Leave Paid Reviewers Alone

Myesha D. Jenkins requires a $10 “donation” for her book reviews. Though I thought it was kind of backhanded and shady, I really tried to view her fee in a positive light and was desperate to have someone outside my “network” read my work. Who does anything for free except me, right. Ten dollars isn’t really that big a deal, right.

My friend, “Shay”, seemed very disappointed in me for paying her and thought I was rushing too much into trying to expose my work. I wish I’d talked to her before I did it so she could talk me out of it. To top it off, my friend, “C”, just told me that Jenkins rated me two stars on Goodreads. Of course, I didn’t know this until a few minutes ago because I wasn’t going to read the Jenkins review until I finished the second book. This has been a really bad day.

That week a lot of people hoodwinked me because I know how hard it is for Black women writers to get recognized, or read at all, and I was convinced the only way for me to get exposure was to push for it through any means possible, even using my birthday money to pay for this review. I probably lost like $50, including this.

If that’s really all she thought of the book, I accept that. But I feel a lot of regret and shame for paying her to read it. Its something I won’t be doing again, not with her or anyone else. I feel so stupid and embarrassed because that particular review (the only so far) wouldn’t be there if I hadn’t sought this lady out and paid her.  It probably won’t be the last bad review and if people really think my work merits two stars or less they should be honest about it like her, but I shouldn’t be walking into two-star reviews, especially paying for them with money I don’t really have to spare.

Its better to let people come to your book of their own accord. Don’t pay them. Don’t coerce them. Don’t try finesse them into it. I knew that and still I let fear and misguided ambition lead me to do something like this.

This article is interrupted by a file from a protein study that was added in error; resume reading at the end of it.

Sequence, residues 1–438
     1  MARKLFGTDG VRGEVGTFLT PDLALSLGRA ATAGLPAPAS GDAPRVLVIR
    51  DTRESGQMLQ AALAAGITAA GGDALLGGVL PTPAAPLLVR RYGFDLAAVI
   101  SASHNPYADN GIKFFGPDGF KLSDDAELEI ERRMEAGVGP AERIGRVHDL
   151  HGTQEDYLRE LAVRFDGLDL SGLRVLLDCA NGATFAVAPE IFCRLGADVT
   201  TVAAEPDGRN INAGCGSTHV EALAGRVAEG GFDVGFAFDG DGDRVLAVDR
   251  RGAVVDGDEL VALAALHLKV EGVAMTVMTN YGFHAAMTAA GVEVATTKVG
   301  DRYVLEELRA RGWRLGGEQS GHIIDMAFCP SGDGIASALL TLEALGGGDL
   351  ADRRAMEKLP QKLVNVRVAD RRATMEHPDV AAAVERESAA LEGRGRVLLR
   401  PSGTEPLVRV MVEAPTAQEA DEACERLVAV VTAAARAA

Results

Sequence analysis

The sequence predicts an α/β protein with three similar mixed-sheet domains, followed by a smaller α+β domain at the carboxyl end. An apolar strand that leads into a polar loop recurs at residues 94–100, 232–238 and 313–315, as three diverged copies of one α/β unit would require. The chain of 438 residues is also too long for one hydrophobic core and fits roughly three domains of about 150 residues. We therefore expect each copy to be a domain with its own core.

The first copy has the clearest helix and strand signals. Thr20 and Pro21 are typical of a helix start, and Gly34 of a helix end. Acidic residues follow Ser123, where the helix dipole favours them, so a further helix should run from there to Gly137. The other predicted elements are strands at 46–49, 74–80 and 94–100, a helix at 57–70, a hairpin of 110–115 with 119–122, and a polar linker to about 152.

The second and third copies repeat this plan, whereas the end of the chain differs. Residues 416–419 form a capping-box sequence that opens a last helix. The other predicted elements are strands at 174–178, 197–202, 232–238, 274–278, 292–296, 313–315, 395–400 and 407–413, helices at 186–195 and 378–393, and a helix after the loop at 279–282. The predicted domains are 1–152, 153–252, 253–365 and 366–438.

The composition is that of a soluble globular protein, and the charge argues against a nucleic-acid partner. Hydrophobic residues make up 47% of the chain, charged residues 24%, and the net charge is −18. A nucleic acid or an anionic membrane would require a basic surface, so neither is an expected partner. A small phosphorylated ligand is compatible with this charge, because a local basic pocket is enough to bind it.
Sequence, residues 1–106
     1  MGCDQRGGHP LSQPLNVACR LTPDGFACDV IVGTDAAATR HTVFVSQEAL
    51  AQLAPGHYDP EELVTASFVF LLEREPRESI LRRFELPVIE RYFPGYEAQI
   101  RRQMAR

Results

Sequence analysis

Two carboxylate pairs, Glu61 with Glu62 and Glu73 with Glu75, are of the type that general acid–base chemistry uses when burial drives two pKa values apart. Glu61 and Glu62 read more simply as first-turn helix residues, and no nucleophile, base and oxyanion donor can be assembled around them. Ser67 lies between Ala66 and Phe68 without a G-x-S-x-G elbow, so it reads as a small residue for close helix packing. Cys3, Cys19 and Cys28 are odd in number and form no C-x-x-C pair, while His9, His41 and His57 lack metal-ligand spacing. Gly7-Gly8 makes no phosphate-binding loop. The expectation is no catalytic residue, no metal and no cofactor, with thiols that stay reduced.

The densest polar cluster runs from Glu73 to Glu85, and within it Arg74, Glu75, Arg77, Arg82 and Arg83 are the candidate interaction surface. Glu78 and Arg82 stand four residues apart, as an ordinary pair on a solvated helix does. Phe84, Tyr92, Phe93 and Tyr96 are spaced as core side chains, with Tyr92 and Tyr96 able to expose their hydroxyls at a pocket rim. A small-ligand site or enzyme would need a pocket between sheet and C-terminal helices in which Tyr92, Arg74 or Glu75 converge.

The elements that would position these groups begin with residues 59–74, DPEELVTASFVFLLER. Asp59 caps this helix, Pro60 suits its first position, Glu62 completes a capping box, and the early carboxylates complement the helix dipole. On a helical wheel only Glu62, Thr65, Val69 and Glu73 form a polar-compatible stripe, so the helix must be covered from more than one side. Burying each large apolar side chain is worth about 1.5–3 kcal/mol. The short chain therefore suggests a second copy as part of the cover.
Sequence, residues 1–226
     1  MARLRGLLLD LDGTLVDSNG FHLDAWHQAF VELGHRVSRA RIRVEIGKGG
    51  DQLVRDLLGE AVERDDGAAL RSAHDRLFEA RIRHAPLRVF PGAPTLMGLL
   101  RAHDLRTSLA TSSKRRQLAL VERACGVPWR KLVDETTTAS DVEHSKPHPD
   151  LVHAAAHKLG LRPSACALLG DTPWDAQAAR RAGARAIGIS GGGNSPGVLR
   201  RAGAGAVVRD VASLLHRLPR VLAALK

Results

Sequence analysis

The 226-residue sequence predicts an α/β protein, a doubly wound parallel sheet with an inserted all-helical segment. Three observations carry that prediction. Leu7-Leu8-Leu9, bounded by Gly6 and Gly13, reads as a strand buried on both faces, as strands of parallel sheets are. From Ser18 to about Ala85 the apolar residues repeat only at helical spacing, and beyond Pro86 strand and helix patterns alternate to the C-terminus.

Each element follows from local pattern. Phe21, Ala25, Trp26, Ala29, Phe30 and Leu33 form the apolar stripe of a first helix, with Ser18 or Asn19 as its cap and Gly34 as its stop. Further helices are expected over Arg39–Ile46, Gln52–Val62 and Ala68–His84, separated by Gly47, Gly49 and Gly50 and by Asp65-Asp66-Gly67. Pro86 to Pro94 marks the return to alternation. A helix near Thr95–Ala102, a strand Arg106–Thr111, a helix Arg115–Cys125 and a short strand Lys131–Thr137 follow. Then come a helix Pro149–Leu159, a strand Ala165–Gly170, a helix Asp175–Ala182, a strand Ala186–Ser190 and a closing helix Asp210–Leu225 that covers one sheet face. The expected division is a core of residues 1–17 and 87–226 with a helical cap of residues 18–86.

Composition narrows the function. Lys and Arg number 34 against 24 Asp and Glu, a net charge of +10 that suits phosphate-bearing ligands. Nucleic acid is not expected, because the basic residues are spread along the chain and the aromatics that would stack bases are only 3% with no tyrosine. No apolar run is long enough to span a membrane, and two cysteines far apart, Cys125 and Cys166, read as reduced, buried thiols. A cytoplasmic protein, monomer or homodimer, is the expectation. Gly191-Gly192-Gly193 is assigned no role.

Its done now. Lesson reinforced.


Smashwords High Fantasy ebook, ‘Path of the Righteous’, Defies Expectations and Disparity of Its Genre

Author S.T. Rucker Weaves an Open and Vibrant Literary Fantasy Tale That Intersects Race, Class, and Gender Instead of Avoiding or Masking It

Atlanta, Ga. June 16, 2014 —Atlanta native and author, S.T. Rucker, has published Path of the Righteous, a speculative fiction novel that follows bibliophile Dahlia En’te into a world of demons, faeries, and angelic beings of creation, after she discovers herself entrapped in the political schemings of human men. Many readers and writers of fantasy, science fiction, and other genres and combinations under the speculative fiction umbrella expect writers to encourage a suspension of or ignorance of lived experiences with racism, classism, and heterosexism or politicized worldviews like feminism and womanism or fat acceptance—Path of the Righteous promises no such thing and neither does Rucker for her current and future publications.